Deciding to not let it go, Rammstein fought the ruling, saying the decision caused financial damage to the band and was illogical. Christian Lorenz told the Bild am Sonntag newspaper (via Loudwire) that "there's nothing on the album that could be more misinterpreted than on other Rammstein records." Justice prevailed for the band in the end, as the government lifted the ban in June 2010, allowing Rammstein to play the track in the country and for their album to be sold in stores as per usual.

The band wrote a song for Vitali Klitschko

Rammstein's songs don't just blare; they stomp a mudhole in speakers and PA systems. There's a certain swagger and kraft to their tunes, which translates well to theme music in sports. In the past, Japanese pro wrestling superstar Tetsuya Naito utilised "Du hast" as his entrance music (via Cagematch), and there was a boxing legend who almost had his own Rammstein-powered theme music chugging him along to the ring.

"Sonne," a single off 2001's "Mutter" album, was originally recorded for Vitali Klitschko, the former heavyweight championship boxer and current mayor of Kyiv (via Zeit Online). When Klitschko didn't use the track, Rammstein reworked it into "Sonne," which has gone on to become one of their biggest hits ever. In fact, the fans even voted it as the greatest Rammstein song in a Louder poll. The music video is equally memorable as it operates as a twisted and hyper-sexualized parody of "Snow White and the Seven Dwarfs" — but did we expect anything else from Rammstein here?

Till Lindemann wasn't always a singer

Undoubtedly, Till Lindemann is the face of Rammstein. The burly and instantly recognizable lead singer stands out from the pack and has become as iconic as the band he's been a part of for nearly three decades. While it's impossible to imagine anyone else gripping the mic like a megaphone for the German band, it wasn't always Lindemann's intention to become a vocalist.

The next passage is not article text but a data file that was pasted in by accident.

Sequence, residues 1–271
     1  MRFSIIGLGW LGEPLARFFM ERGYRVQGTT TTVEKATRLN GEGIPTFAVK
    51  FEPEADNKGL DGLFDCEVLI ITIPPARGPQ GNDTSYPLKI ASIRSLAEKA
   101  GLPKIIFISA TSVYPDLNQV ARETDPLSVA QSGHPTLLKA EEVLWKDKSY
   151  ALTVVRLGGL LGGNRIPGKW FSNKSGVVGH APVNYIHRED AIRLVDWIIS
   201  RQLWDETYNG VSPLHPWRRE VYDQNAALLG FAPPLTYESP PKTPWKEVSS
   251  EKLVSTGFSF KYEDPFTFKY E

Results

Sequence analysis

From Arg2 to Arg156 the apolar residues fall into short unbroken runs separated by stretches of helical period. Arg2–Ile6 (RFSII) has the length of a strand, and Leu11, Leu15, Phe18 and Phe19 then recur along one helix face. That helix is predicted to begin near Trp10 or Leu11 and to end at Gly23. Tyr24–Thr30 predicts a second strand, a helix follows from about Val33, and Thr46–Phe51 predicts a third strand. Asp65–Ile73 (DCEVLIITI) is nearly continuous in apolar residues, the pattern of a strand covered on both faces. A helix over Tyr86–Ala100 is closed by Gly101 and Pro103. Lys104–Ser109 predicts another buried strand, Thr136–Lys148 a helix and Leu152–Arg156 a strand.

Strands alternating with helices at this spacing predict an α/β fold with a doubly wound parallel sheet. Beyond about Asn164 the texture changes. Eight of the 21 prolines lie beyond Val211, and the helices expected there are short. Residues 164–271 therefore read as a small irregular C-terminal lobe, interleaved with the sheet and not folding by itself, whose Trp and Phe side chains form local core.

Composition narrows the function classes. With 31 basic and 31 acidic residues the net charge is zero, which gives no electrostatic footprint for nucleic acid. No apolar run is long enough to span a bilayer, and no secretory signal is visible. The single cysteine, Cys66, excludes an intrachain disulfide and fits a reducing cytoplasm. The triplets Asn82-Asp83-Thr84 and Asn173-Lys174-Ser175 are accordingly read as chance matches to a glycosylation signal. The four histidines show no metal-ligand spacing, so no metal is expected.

As per a Louder profile on Lindemann, he began his music career as a drummer in a punk rock band called First Arsch, where he shared the stage with his future Rammstein instigators Paul Landers and Richard Kruspe. However, kismet had its say and Lindemann discovered his voice — in more ways than one. "Till radiates complete authority in my eyes," Christian Lorenz said. "When he sings or says something, you realise that he also means it. That makes the whole song a lot more precious." While Lindemann might not be smashing the skins and cymbals for Rammstein, it isn't outside of the realm of possibility to think that he might have turned into a formidable drummer in the music scene as well.

Rammstein is deliberately provocative

Make no mistake about it, Rammstein is one of those acts that give overprotective parents nightmares for weeks on end. From their freakish stage show to their controversial lyrics and eye-opening music videos, they aren't afraid to be offensive or to draw the ire of detractors and lawmakers. They don't hide from incitement either; they welcome it, even at the risk of being labeled fascists or perpetrators of right-wing propaganda due to a fundamental misunderstanding of their message.

"We are a deliberately provocative band," drummer Christoph Schneider told Kerrang! "And the high point of our provocation, of course, was that Leni Riefenstahl video [for the cover of Depeche Mode's "Stripped"]. And we did that because we wanted to shock the people who thought we were from the right; like, if you think that's how we are then, here, have something that will really shock you." That said, Schneider admitted that the band wouldn't have made the "Stripped" music video in today's climate, especially considering Riefenstahl's close ties with Adolf Hitler. Paul Landers agreed that the band wasn't afraid of attracting controversy, and while their lyrics were open to interpretation and deabute, they were certainly not promoting ay kind of right-wing propaganda.

Till Lindemann's mother loved watching Rammstein

Rammstein brings everyone together, even people who don't understand German, which once again proves that music is the universal language that connects us all. Young and old, new and longtime fans, it's not unusual to see a diverse audience having the time of their lives at the band's shows. One person who enjoyed watching the group doing what they do best was Till Lindemann's elderly mother, Brigitte 'Gitta' Lindemann.

As per Kerrang!, she believed Rammstein's shows had an operatic quality to them, and she reveled in watching her son perform at Madison Square Garden with his band. "Do you know what made the biggest impression on me?" she revealed. "The boys' courage! They don't give a s*** ... what people might think. They never did." Apart from beaming about her son's musical career, she also highlighted how proud she was of his other interests such as literature and art, as well as his tranquil demeanor when he's not on tour. Who would've thought that the hulking and provocative Lindemann would be such a sweetheart and calming influence when he is around his family?